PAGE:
The increasing numbers of women composers in the 20th century coincided with the rise of feminism. Women got the right to vote and with the outbreak of World War I more women began to move into the workforce. English violist and composer Rebecca Clarke (1886-1979) paved the way for women musicians to be included in orchestras when she was appointed to the Queen’s Hall Orchestra in 1912. The river of music that had flowed from the Baroque through the Classical and Romantic periods had begun to branch into multiple streams, and in the upheaval women composers managed to find a toehold.

At a time when it was still thought disrespectful to pursue composing beyond the domestic sphere, Australian composer Peggy Glanville-Hicks wrote 18 orchestral works, five operas and eight ballets. In England Elizabeth Maconchy (1907-1994) wrote 40 orchestral works and 13 string quartets. Elisabeth Lutyens is credited with bringing Schoenbergian serialist technique to the UK and became known as “the horror queen” for her prolific scores for horror films. Meanwhile in France the influential Betsy Jolas (b.1926) replaced Olivier Messiaen at the Conservatoire National Supérieur de Musique of Paris and through her music and teaching has influenced a generation of American and French students.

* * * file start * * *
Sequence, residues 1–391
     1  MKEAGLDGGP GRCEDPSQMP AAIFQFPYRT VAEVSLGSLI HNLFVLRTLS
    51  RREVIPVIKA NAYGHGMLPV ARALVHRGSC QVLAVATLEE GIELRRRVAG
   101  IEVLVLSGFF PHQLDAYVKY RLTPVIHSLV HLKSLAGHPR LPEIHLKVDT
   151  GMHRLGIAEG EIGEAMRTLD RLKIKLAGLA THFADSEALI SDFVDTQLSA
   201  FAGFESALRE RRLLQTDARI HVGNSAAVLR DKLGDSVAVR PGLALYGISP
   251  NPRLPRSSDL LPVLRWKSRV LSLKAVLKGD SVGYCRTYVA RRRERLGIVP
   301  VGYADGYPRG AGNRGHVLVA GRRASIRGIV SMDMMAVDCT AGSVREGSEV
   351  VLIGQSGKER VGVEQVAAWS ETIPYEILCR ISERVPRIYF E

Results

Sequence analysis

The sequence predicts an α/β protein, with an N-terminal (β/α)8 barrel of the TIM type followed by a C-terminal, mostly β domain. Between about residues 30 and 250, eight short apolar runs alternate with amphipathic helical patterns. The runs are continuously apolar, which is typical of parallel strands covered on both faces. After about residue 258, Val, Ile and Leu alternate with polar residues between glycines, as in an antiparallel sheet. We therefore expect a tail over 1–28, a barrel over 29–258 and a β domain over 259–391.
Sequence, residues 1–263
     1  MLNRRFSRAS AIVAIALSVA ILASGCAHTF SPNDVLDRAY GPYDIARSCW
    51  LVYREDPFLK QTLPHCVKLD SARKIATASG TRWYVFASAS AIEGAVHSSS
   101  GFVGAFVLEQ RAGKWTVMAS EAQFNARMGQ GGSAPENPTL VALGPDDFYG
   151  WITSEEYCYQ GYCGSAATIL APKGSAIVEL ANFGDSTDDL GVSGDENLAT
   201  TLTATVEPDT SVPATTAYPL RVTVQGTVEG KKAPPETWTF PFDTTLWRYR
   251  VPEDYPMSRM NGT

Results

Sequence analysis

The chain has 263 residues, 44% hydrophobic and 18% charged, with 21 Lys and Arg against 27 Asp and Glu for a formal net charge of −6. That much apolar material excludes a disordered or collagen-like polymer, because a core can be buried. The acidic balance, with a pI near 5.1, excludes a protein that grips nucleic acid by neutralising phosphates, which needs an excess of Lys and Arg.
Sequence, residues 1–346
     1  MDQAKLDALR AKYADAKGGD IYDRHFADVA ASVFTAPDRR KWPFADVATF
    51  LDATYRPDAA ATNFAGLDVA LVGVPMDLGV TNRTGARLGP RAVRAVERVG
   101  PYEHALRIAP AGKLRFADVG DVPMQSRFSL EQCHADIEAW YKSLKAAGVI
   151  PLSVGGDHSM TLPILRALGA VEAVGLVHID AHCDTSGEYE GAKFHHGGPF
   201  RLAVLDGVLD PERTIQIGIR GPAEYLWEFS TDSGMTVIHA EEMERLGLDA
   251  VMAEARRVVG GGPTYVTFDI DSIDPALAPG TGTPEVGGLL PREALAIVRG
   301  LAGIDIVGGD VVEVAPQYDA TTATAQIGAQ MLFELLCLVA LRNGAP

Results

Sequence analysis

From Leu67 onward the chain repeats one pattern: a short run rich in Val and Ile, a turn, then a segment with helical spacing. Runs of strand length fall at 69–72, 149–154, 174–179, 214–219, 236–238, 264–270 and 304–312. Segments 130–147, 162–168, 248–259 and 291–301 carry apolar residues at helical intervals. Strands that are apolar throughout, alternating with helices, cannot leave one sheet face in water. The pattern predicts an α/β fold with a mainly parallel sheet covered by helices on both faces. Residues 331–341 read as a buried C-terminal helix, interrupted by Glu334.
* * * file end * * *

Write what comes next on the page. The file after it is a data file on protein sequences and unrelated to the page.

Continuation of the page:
The music of Sofia Gubaidulina was deemed “irresponsible” during her studies in Soviet Russia due to its exploration of alternative tunings. She was supported however by Dmitri Shostakovich who encouraged her to continue down her “mistaken path”. Her music has since become internationally lauded. Florence Price broke new ground in America when her Piano Concerto was performed with the Chicago Symphony Orchestra in 1933, the first African-American woman to have a work performed by a major American orchestra. One of the most-performed composers in the US is Ellen Taaffe Zwilich who was the first woman to be awarded a Pulitzer Prize for music in 1983. The development of contemporary classical music in America was assisted by Grammy Award-winning composer Libby Larsen who co-founded the Minnesota Composers Forum, now the American Composers Forum while Pauline Oliveros co-founded and directed the San Francisco Tape Music Centre (later Centre for Contemporary Music).

Sofia Gubaidulina

In the 21st century women have moved into the celebrity spotlight. Today Elena Kats-Chernin, Laurie Anderson, Unsuk Chin, Jennifer Higdon and Kaija Saariaho are likely to rank higher on the international circuit than their male contemporaries. The musical boundaries have never been so broad and now include electronics, noise, sound installations and ambient music.